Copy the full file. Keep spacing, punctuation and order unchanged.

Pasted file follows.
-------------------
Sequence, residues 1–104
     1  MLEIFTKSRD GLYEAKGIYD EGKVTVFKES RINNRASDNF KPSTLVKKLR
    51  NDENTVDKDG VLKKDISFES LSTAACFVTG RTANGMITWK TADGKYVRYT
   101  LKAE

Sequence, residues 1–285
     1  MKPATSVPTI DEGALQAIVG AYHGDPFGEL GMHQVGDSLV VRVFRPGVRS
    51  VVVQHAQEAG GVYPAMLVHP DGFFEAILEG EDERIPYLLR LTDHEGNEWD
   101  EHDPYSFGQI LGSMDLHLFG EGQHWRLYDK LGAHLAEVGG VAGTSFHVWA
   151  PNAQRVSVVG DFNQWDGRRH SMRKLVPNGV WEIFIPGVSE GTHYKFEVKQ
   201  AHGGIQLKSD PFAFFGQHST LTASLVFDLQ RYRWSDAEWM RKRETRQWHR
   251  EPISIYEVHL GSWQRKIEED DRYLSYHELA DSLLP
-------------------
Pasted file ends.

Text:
Sequence, residues 1–104
     1  MLEIFTKSRD GLYEAKGIYD EGKVTVFKES RINNRASDNF KPSTLVKKLR
    51  NDENTVDKDG VLKKDISFES LSTAACFVTG RTANGMITWK TADGKYVRYT
   101  LKAE

Sequence, residues 1–285
     1  MKPATSVPTI DEGALQAIVG AYHGDPFGEL GMHQVGDSLV VRVFRPGVRS
    51  VVVQHAQEAG GVYPAMLVHP DGFFEAILEG EDERIPYLLR LTDHEGNEWD
   101  EHDPYSFGQI LGSMDLHLFG EGQHWRLYDK LGAHLAEVGG VAGTSFHVWA
   151  PNAQRVSVVG DFNQWDGRRH SMRKLVPNGV WEIFIPGVSE GTHYKFEVKQ
   201  AHGGIQLKSD PFAFFGQHST LTASLVFDLQ RYRWSDAEWM RKRETRQWHR
   251  EPISIYEVHL GSWQRKIEED DRYLSYHELA DSLLP